Today I am cooking to distract myself. I am currently on day 3 of an Ayurvedic spring cleanse, and my cravings have been speaking to me - very loudly! This is my first ever cleanse, and I have been receiving daily support from my Ayurveda teacher, Elizabeth.
I have to say that as ready as I was to embark on this one week journey, it has really shown me how dependant I am on certain foods. More so, it has shown me how dependant I am on receiving pleasure and satisfaction from food - I mean I just love food, but my obsession has caused a few minor health issues to come up.
One of my goals in life is to age gracefully, and to be mobile and alert even when I’m 80! So, this cleanse is a good opportunity for my body to relearn the function that food serves. I’m trying to teach my subconscious self that:
Food is not just for pleasure, and
Food can be used to help the body heal
As much as I love Ayurveda and follow many of its principles on a daily basis, this cleanse has not been an easy process for me. It is painful and difficult to deny my senses the pleasures they have come to rely on. Some of these pleasures have been developed in childhood, and who doesn’t love the nostalgia of a childhood meal, snack, or bar of chocolate! I have to keep reminding myself, that I am whole and complete as I am. I have my yoga practice, my family, my mentors, and friends to lean on when the hard stuff comes up. And when the muck comes up, I get cranky and irritable, and crave a chocolate bar to take away the edge. This cleanse is as much about leaning into the edge and hopefully moving past it.
If you are considering a cleanse, it really would be best to work with an Ayurvedic Practitioner, as cleanses are not suitable for everybody. When you work with a practitioner you will receive an individualized plan based on your unique constitution, lifestyle, and needs. Trust me, the support is tremendously useful!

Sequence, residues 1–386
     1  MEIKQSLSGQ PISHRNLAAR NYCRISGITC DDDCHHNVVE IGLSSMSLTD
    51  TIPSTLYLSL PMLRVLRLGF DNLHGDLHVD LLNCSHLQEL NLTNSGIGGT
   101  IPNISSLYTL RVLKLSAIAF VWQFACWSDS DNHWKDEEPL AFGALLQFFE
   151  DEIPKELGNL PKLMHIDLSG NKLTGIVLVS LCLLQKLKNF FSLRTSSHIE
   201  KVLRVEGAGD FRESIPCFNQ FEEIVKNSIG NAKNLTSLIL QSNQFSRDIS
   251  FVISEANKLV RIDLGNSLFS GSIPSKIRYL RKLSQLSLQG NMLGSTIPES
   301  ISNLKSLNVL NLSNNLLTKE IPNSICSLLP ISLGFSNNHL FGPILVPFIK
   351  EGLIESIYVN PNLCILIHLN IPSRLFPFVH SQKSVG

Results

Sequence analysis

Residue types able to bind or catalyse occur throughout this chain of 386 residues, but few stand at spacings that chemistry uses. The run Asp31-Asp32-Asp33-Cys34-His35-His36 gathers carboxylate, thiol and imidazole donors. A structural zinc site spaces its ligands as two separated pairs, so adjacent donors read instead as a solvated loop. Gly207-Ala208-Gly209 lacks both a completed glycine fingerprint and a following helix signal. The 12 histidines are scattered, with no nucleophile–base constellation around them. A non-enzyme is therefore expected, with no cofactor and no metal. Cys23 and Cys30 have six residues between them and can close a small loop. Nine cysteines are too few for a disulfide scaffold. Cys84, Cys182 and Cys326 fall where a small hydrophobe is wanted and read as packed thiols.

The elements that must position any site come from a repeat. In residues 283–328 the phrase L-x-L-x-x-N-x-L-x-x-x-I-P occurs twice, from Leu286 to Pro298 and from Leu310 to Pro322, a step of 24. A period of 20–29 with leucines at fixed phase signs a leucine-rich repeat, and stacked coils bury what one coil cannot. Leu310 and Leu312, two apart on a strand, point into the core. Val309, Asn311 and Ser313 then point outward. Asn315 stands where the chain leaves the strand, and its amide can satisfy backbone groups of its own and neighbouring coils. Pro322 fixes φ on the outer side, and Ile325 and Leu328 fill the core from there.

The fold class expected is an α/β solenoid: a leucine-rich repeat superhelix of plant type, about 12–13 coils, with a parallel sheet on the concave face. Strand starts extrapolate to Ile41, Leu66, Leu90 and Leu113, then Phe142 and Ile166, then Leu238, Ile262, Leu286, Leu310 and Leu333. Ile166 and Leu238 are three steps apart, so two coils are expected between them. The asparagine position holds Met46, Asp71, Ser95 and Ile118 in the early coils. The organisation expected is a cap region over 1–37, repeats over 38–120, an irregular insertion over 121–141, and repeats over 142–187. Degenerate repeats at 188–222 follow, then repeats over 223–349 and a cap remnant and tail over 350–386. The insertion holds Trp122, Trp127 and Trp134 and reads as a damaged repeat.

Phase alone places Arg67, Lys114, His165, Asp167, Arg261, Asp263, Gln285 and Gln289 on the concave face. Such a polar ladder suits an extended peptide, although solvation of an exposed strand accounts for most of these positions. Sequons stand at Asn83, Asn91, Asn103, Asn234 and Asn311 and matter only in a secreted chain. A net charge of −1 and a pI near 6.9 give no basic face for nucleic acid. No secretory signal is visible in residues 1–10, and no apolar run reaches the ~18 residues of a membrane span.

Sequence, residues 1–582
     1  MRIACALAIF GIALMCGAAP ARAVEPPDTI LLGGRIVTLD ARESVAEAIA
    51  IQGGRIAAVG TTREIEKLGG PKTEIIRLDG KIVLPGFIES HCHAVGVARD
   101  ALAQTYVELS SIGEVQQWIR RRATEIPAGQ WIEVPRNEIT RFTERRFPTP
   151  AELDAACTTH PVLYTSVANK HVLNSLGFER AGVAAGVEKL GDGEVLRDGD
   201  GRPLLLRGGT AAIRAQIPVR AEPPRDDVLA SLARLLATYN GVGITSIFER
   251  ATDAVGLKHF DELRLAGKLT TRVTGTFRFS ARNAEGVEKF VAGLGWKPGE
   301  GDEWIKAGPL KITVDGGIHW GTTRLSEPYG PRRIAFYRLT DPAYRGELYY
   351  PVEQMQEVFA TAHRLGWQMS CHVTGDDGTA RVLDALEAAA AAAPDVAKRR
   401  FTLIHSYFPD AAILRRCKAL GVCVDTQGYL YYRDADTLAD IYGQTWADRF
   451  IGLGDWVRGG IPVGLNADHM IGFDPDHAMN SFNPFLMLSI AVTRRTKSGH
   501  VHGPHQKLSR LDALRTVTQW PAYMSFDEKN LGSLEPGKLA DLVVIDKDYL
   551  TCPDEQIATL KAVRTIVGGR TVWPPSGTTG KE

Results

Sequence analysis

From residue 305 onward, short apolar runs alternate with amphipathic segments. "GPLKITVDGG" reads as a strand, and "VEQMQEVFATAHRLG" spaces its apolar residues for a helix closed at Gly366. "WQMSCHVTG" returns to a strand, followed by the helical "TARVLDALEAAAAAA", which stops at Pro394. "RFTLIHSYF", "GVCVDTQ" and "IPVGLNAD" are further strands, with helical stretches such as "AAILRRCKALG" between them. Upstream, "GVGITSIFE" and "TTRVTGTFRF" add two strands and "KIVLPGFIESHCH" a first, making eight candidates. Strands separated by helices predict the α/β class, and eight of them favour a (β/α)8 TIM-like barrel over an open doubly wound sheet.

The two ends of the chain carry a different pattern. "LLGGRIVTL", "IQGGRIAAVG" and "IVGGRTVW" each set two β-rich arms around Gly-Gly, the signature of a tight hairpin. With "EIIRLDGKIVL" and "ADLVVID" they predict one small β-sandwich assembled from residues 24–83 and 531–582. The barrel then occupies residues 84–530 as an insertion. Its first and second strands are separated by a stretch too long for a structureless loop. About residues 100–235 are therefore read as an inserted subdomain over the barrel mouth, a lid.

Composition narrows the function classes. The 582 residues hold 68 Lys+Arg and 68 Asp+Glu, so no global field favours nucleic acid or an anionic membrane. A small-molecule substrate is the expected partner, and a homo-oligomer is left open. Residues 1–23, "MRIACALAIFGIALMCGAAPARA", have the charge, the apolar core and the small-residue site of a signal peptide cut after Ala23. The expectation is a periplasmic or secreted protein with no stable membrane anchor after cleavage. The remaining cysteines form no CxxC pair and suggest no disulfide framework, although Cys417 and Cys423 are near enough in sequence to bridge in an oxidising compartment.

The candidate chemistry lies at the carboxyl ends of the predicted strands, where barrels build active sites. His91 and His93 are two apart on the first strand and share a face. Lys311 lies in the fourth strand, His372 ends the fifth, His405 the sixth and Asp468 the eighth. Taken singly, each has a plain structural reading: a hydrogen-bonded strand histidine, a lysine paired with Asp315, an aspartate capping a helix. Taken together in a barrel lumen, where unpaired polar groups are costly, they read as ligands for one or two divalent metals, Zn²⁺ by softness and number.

As part of my cleanse, my lunch today is a plate of kitchari and I made this beetroot palliya to go with it. Happy cooking!
2 large or 3-4 medium beetroot (chopped into medium to small pieces)
2 tbsp sunflower oil
1 medium onion (chopped fine)
¼ inch ginger (grated)
3-4 curry leaves
½ tsp black mustard seeds
1 dried red chilli
1 tsp channa dal (bengal gram)
2 tbsp unsweetened shredded coconut
¼ tsp turmeric powder
½ tsp coriander powder
Pinch hing (asafoetida)
1 tsp fresh lime juice
Salt to taste
Heat the oil in a medium sauté pan over medium heat. Add the mustard seeds, curry leaves, channa dal and dried red chilli. Sauté the spices until the mustard seeds pop and the channa dal is just starting to brown (it will shrink slightly).
Add the onions and when they are translucent, add the grated ginger. Stir well.
Once the onions have just started browning, add the turmeric, coriander, and hing. Sauté until the spices release their flavors (about a minute).
Add the chopped beetroot and shredded coconut and mix well with the spices.
Keeping the heat on medium, cover the pan and continue to sauté the beetroot until most of its water has released. Be sure to stir occasionally so that nothing sticks to the bottom of the pan. If the coconut is sticking too much, turn the heat down slightly.
Once the beetroot is cooked, it will be soft and will have shrunk slightly. Squeeze in the lime juice, turn off the heat, and cover to allow the beetroot to sit in the cooking steam for a few minutes.
Enjoy with kitchari or with chapatis!
Beetroot is sweet and a heavy root vegetable, making it ideal for Vāta and Pitta doṣas.
Adding mustard seeds and green chilli, and leaving out the coconut can make it more balancing for Kapha doṣa as well.